Ahlan wa sahlan! In this video we’re going
to talk about how to express the idea of ‘wanting’ in Arabic dialects. In formal
Arabic, we can express this idea using a conjugated verb. One verb that’s often
used is يُريد, present tense third-person singular conjugation for
هو. هو يريد، أنا أريد، أنت تريد etc., using the prefix-suffix
combinations that we’ve encountered in our other work on present tense verbs.
However, the ways in which this idea of ‘wanting’ is expressed is one of the
things that varies most from dialect to dialect. So what we’re going to do
right now is we’re going to focus on how to express the same idea in Levantine
and Egyptian Arabic. In Levantine, we actually use a suffix attached to a stem.
the stem here is بدّ, and you’ll notice that in this chart of suffixes the
suffixes are virtually identical to the possessive suffixes that we’ve also
learned in other contexts. اسمي اسمِك، اسمَك, so if I want to express the idea of ‘wanting,’ if I want to say for example, ‘I
want tea,’ I could say بدّي شاي. ‘I want tea,’ or ‘she wants tea,’ I could say بدّها شاي. we want tea, the both of us, بدّنا شاي.
and as with other, mmm, ‘real’ verbs, you might say, we don’t need to use a pronoun
at the beginning; I don’t need to say أنا بدّي شاي, because this ‘yaa’ tells my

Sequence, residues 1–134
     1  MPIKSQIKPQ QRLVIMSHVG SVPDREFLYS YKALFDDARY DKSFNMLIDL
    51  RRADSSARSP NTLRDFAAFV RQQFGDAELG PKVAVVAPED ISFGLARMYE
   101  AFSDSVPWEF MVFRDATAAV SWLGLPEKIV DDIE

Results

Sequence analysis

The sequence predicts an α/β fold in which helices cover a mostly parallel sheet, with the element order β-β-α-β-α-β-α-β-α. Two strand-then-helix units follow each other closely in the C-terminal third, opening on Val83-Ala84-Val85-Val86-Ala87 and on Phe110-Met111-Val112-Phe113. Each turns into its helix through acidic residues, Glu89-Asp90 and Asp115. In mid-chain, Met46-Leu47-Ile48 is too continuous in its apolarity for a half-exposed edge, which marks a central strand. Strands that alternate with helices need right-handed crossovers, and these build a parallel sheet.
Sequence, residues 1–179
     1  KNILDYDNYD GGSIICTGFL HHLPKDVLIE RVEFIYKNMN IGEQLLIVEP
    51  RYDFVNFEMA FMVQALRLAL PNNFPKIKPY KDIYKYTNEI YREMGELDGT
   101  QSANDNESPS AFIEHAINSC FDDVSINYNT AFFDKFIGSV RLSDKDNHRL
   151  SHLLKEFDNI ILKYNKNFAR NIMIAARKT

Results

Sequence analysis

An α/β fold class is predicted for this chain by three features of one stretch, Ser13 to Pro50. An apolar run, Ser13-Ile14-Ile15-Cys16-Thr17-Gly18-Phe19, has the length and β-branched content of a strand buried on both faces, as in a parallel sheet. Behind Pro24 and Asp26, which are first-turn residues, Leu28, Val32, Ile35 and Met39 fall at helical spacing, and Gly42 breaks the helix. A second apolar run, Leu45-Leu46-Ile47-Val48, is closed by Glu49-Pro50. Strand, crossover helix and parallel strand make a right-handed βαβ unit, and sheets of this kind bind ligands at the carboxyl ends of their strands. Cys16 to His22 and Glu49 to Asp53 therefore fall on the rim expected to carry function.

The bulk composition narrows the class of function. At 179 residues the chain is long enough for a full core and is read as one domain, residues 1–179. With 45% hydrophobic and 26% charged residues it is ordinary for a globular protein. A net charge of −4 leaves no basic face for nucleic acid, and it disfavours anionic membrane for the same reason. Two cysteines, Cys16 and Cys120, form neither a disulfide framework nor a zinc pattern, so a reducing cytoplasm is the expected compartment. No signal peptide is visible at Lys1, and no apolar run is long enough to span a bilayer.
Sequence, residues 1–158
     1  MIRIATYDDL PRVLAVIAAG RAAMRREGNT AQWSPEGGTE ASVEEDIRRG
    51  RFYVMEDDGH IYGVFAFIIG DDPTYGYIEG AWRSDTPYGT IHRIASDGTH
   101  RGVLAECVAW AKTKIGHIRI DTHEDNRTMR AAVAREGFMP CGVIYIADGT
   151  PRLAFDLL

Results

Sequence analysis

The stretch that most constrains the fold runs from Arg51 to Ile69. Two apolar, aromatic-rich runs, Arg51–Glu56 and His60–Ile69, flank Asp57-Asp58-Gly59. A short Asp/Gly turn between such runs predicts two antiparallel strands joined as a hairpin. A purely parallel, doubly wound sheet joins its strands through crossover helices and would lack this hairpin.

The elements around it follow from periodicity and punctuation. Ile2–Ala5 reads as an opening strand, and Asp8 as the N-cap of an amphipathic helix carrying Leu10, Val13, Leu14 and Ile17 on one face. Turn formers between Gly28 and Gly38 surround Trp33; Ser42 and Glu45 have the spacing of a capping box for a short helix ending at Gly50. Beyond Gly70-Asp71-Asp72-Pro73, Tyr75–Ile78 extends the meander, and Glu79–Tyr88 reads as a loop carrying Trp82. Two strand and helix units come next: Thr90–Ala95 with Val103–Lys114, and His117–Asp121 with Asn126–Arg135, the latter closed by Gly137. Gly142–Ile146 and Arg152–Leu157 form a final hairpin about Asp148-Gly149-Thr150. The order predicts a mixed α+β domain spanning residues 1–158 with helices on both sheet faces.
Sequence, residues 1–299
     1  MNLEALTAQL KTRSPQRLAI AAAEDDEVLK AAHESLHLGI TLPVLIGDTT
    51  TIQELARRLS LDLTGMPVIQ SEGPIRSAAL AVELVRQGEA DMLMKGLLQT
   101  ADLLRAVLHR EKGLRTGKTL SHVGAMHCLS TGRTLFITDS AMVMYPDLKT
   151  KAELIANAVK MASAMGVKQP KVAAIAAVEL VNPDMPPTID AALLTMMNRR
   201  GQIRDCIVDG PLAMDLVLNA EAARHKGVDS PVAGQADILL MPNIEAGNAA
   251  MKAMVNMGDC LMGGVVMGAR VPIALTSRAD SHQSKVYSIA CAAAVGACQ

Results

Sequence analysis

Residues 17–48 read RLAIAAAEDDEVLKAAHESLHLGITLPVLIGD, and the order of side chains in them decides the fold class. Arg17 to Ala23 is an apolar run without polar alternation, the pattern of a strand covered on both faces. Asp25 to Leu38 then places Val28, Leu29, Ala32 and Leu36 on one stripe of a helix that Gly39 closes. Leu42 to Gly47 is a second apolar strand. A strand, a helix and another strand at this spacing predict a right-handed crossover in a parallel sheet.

interlocutor beyond a shadow of a doubt that I’m talking about myself. In
Egyptian, the story’s a little bit different. In Egyptian, it makes sense to
think of describing the subject using an adjective, someone ‘is wanting,’ I am
wanting, you are wanting, he is wanting. And we use the stem عايز or sometimes
you’ll also hear عاوز, depending on who’s talking and what neighborhood
they’re from, perhaps. So we want to describe someone or something, ‘the wanter,’
using adjectives, as we’ve learned. So if I were going to describe myself, I would
say أنا عايز, as a grammatically masculine entity, عايز, but if I were
describing a woman who wants something I would say عايزة, right I would add a ‘taa marbuuTa’, so that we have that feminine adjectiveal agreement. So if I wanted to
say ‘she wants tea,’ for example I could say هي عايزة شاي, or if we both wanted tea, إحنا عايزين شاي, using that sound plural, right, that regular plural form
that you’ve encountered elsewhere. We’re probably not going to see the ‘waaw-nuun’
variation, because that’s strictly formal Arabic. In Egyptian, it’s a little more
common to hear a pronoun depending on the context, since we might not always
know who’s being referred to, right? If I say عايزة, I could be talking to an أنتِ,
I could be talking to a هي, right, it might not be entirely clear, so if I want
to say ‘she wants tea,’ I could say هي عايزة شاي.